This was Nietzsche's pathos: Christianity, trapped, as from certain points of view Plato had been, in a false opposition, had attributed to God a moral bias which was no more than a reflection of an inability to grasp that the ultimate subjective ground of being and the source of life in all its various and successive manifestations, are not different; that the inner immortal Self and the great cosmic energies are one and the same, and that to destroy the life without is at the same time to destroy the life within. It was thus that Nietzsche, in his battle for the slandered instincts and energies of life, for the ‘Giants who formed this world into its sensual existence’, was compelled to take his stand at what amounted to the opposite pole of that same dualism by which, he thought, Christianity itself had been dominated; he was forced to cry: ‘Am I understood?—Dionysus versus the Crucified—’ (Ecce Homo, IV, 9).

The above criticism is nevertheless not the whole story. The realization that these two poles—the ‘objective’ and the ‘subjective’, Dionysus and Christ—constitute reciprocal aspects of a single reality, and that the changing, multitudinous world of the senses is the expression of, and not separate from, the inner world—this realization is in fact integral to the Christian tradition (a proper understanding of its sacramental life presupposes it), just as it is integral to the great religious traditions of the East. But where Christianity is concerned it has been overlaid, historically speaking, in the manner and for the reasons indicated in this essay. It is from this point of view that the challenge to Christianity made by such figures as Plethon, Goethe, Blake, Nietzsche (to name but those of whom we have spoken) may be seen to contain a positive element, however negative it may appear in other respects. Indeed, it could well lead Christian theologians themselves to reaffirm that vision of an organic wholeness of life whose partial eclipse can be said to have provoked the challenge in the first place.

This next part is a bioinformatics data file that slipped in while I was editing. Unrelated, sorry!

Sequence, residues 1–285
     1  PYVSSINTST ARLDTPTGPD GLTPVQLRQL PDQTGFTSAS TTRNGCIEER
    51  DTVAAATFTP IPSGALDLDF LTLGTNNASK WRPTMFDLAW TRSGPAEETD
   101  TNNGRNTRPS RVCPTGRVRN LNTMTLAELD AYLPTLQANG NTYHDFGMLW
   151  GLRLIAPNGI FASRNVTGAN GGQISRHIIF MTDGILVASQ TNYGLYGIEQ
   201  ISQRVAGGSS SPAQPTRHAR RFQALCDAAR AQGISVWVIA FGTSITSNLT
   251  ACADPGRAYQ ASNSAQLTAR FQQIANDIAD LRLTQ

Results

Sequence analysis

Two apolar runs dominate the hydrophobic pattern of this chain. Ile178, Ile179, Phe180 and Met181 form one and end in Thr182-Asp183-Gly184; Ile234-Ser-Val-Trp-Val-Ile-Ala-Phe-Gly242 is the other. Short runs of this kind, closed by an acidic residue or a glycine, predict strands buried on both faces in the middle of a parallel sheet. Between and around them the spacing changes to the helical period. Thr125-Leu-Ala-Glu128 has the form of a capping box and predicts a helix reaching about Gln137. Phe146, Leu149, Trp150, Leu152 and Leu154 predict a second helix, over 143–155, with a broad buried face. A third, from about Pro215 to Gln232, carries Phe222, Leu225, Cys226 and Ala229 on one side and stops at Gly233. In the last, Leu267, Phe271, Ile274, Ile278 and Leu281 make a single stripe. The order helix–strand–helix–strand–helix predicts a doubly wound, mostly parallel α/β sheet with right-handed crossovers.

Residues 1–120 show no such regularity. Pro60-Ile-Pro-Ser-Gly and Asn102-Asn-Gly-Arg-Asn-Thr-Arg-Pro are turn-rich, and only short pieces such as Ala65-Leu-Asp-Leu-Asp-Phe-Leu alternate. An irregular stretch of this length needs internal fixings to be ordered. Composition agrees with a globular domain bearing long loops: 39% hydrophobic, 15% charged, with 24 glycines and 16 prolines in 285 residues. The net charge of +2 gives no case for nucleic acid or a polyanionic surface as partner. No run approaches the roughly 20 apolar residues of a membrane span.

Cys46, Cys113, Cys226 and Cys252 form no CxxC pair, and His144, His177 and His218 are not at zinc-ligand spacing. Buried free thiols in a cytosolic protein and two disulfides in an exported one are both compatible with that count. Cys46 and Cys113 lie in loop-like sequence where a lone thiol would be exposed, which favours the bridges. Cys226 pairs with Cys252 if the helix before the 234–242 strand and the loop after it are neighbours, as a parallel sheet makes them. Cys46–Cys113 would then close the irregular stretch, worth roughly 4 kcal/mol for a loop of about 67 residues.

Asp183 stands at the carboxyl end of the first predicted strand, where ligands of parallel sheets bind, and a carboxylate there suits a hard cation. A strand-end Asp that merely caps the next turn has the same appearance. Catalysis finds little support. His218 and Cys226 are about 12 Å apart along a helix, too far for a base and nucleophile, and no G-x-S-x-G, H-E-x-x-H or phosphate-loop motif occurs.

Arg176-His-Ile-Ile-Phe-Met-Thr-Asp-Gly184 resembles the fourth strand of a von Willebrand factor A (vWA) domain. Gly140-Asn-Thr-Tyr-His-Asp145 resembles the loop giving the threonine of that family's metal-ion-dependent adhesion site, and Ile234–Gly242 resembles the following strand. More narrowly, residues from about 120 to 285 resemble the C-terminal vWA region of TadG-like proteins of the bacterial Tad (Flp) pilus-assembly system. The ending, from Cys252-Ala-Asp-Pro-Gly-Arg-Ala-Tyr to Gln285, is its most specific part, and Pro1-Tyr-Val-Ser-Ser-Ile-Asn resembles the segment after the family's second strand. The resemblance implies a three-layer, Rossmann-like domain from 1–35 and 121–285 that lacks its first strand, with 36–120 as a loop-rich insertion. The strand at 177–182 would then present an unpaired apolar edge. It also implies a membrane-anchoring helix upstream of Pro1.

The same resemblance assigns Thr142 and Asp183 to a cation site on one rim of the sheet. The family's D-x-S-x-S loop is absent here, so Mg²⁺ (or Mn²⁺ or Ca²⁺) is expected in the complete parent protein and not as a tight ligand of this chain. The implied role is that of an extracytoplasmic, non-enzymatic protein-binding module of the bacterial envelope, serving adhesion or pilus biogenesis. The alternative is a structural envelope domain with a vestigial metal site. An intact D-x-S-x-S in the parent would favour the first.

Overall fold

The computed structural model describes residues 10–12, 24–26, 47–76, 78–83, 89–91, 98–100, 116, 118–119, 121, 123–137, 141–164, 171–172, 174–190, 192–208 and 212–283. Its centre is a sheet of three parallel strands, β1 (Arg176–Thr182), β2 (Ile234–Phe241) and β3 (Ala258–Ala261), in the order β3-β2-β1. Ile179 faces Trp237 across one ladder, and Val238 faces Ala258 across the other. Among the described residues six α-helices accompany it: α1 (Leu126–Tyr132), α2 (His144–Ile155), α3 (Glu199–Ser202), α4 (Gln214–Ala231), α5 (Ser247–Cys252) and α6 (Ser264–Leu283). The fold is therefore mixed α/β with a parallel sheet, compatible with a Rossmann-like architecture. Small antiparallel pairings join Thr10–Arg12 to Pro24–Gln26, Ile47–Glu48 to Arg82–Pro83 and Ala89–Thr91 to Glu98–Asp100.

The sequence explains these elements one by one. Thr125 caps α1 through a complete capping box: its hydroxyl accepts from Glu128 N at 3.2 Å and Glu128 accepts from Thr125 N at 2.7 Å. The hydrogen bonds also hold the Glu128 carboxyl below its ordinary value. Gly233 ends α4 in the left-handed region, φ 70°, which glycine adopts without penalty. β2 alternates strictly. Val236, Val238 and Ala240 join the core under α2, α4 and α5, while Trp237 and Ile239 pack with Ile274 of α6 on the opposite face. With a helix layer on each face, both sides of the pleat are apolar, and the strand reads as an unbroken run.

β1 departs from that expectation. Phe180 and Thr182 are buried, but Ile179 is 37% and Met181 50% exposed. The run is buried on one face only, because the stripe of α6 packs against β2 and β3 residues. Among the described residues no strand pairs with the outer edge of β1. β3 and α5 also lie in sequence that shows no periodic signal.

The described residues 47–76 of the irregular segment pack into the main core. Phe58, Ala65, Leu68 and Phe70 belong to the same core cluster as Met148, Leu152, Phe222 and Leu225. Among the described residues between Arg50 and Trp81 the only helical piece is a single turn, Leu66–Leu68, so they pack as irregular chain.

[1] E. M. Forster, "Gemistus Pletho" in Abinger Harvest, London, 1942, p. 186. The Latin form "Pletho" is commonly used by historians of the Renaissance and is acceptable provided the first name is also latinized, as in the present case.

[2] Dionysios: Epist. IX, 1.P.G.3, 1105 CD.

[3] See Taylor, J.W.: Georgius Gemistus Pletho's Criticism of Plato and Aristotle, University of Chicago, 1921, p. 7.

[4] Alexandre's edition of Plethon's Laws, with French trans. by Pellissier, Paris 1858: Traite des Lois, p. 130. See also Tozer, "A Byzantine Reformer", in J.H.S. VII, 1886, p. 353ff.

[5] All quotations from the Corpus Hermeticum are from: Corpus Hermeticum. Hermetica of Trismegistus. Ed. and Trans. by Walter Scott, Oxford, 1924.

[6] Psalm, CXXXIX.

[7] All quotations from Nietzsche are taken from the English trans. of his works ed. Levy.

[8] “Marriage of Heaven and Hell”. Nonesuch Blake, ed. Keynes, London, 1941, p. 187.